Majors & Programs

Health and Social Change

Find solutions to public health issues through the lens of social justice.

The opioid epidemic.
Climate change.
Black Lives Matter.
Reproductive rights.
Gun control.

The stories making headlines are often rooted in social inequities at the nexus of public health, environmental health, media, and culture. The world needs change agents who understand the roots of these problems and are ready to make a positive impact on society. 

Develop an understanding of how societal and cultural issues affect health and learn how to enact change in our Health and Social Change program: Where public health intersects with social justice. 

As a civically minded, socially conscious person, you are aware of the shortcomings of our current approach to health and well-being. You see the inequities and systemic issues that plague our society and human health. You want to break down barriers and imagine a new way. 

In the Health and Social Change major, you will:

  • Explore health issues through a wide range of interdisciplinary perspectives in local, national, and global contexts;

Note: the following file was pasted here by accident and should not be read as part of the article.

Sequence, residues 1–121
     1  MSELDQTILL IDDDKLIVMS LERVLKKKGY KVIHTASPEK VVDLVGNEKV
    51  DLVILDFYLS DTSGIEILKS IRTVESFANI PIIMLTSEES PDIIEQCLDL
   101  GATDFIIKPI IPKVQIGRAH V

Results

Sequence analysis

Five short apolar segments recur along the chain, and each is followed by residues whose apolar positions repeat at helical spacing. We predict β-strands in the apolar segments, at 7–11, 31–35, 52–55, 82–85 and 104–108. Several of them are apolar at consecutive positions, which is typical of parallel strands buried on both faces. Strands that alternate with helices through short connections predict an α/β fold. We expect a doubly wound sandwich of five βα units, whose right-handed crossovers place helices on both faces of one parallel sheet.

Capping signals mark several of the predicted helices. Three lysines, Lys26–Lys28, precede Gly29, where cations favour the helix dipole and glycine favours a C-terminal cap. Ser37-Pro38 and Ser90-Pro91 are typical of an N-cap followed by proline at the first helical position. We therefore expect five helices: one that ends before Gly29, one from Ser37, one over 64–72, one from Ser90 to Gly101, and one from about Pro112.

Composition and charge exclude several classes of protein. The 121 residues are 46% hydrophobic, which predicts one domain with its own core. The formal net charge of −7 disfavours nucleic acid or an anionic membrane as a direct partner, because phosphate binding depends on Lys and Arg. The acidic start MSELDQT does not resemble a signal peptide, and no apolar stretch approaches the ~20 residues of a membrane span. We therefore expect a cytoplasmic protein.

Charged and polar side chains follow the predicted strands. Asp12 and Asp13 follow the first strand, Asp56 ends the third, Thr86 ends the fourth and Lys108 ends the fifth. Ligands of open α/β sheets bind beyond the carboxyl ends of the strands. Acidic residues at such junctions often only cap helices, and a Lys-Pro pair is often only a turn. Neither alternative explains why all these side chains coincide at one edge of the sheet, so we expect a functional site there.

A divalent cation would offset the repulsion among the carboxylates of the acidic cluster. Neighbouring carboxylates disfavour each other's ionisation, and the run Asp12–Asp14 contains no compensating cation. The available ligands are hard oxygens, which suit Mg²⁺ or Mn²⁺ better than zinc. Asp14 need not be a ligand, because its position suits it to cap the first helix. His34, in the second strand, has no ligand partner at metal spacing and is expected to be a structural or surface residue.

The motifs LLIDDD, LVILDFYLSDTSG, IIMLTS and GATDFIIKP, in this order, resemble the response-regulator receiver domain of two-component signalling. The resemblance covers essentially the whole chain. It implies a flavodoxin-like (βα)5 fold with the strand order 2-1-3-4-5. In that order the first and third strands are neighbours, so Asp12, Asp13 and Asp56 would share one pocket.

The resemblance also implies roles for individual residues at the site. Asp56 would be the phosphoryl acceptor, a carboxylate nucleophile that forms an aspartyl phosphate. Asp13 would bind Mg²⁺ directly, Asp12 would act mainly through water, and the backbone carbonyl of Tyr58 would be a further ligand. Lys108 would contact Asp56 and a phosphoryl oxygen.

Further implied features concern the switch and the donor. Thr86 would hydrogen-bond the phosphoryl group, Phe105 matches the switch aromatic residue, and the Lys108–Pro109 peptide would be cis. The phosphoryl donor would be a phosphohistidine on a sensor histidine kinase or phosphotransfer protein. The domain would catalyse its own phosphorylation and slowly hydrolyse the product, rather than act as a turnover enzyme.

• Apply foundational knowledge in health science and research to complex health problems;
  • Identify opportunities for action at the individual, community, and policy level;
  • Influence a variety of audiences through art, culture, media, and communication strategies to create long-lasting change.

Emerson’s Health and Social Change program goes beyond traditional health sciences, health management, or public health programs to examine how to create a new culture of health that engages social justice, communication, and the arts. This program will help you develop the knowledge and skills you need to implement cultural, policy, and social change down the street and around the globe.

If you’re someone who wants to examine cultural and societal issues in order to improve health outcomes, this major is for you.

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If we want people to adopt healthier behaviors, we have to make healthier places to live and work. And where we can’t do that, we at least have to acknowledge how our communities directly influence our health.